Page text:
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In today’s fast-paced, constantly consuming, rat-race of a world, audiences might find Ripley to be a slow-burner. But I implore you to lose yourself in this intriguing story of identity, obsession and imitation. This story is worthy of a series as it gives time for strong character developments - audiences can truly live their experience - and a deeper plot analysis.

Renowned acting legend Andrew Scott (All of Us Strangers, Fleabag) leads the eight-episode limited thriller series as the roguish protagonist Tom Ripley. The series is based on Patricia Highsmith's crime novel The Talented Mr. Ripley, and is hugely anticipated by fans of this story. The film also stars Dakota Fanning and Johnny Flynn.


A wealthy man hires grifter Tom Ripley to travel to Italy to urge his play-boy son (Greenleaf) to return home; Tom's acceptance of the job is the first step in a life of deceit, fraud, and murder. Ripley becomes obsessed with Greenleaf; trying on his clothes and adopting his mannerisms. When Greenleaf is brutally murdered Ripley assumes his identity, drawing on his allowance and courting the seductive Meredith Logue. Ripley is a man of mystery who will stop at nothing to keep up appearances.


Ripley is filmed completely in black and white, giving a nostalgic classic Hollywood feel. Black and white cinema is chic, and stylish, especially for a crime-thriller as it makes the scenes far more mysterious. Each (roughly) 40 minute episode has a gentle pace, which allows for audiences to soak up each scene and every cleverly chosen frame. Ripley is beautifully shot, with some quaint locations, and artistic frames.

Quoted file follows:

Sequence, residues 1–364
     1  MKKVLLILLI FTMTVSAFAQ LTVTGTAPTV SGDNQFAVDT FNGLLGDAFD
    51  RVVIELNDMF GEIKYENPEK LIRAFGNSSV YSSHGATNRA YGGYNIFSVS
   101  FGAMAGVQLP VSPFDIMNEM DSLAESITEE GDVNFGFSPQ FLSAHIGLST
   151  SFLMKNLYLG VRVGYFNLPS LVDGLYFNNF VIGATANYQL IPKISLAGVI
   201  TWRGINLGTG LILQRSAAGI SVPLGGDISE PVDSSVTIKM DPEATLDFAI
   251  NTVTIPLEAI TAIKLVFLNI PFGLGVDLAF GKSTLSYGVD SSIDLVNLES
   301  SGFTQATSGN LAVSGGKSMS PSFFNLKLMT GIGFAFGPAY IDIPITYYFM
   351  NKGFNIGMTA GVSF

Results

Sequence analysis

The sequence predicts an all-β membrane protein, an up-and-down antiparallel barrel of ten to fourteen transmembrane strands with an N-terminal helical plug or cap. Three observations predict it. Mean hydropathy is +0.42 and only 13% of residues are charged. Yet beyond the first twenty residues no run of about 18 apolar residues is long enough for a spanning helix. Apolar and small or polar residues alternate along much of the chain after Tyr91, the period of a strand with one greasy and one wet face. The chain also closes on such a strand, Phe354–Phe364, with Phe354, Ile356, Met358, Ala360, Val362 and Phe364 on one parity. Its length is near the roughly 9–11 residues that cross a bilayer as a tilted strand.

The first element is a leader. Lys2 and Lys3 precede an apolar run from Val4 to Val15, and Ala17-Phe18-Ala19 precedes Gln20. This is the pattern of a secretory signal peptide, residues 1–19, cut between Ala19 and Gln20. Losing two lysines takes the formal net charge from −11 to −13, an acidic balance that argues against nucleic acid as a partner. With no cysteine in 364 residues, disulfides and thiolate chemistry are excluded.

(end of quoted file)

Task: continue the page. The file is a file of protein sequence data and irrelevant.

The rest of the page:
Scott is stunning. From the hot priest to the hot killer. He’s a terrific actor and he’s been able to flex his muscles in character work in this series. What comes to mind is the character of Charles in Brideshead Revisited, where audiences question their sexual preferences and intentions. Scott is compelling in his slight shifts into obsessive madness, and charms the audience throughout. There are some shots where he is genuinely intimidating, and these moments will keep you on your toes.

Fanning is charming and kind, and easy to watch. Sometimes, she and Scott don’t have much chemistry together, and depth is lacking in some of their scenes. Flynn’s performance is strong, he and Scott compliment each other well and as their relationship and friendship builds so smoothly, it’s shocking when Ripley beats him to death.


One of my favourite things is the music. As the episodes go on the music progressively becomes creepy and scary, alongside Ripley’s character. It’s incredibly effective, and if you enjoy the music, listen to it through the whole credits.

The eight episodes build well to a compelling end, which if you know the book or previous films, is sorrowful but fulfilling.

Ripley is not a series to watch in a rush. The series trusts the viewer to listen, learn and absorb all the information it is feeding you. Take your time, and bask in the beautiful camera work, tentative music, compelling acting and truly lose yourself in this unforgettable crime story.


Rating Ripley



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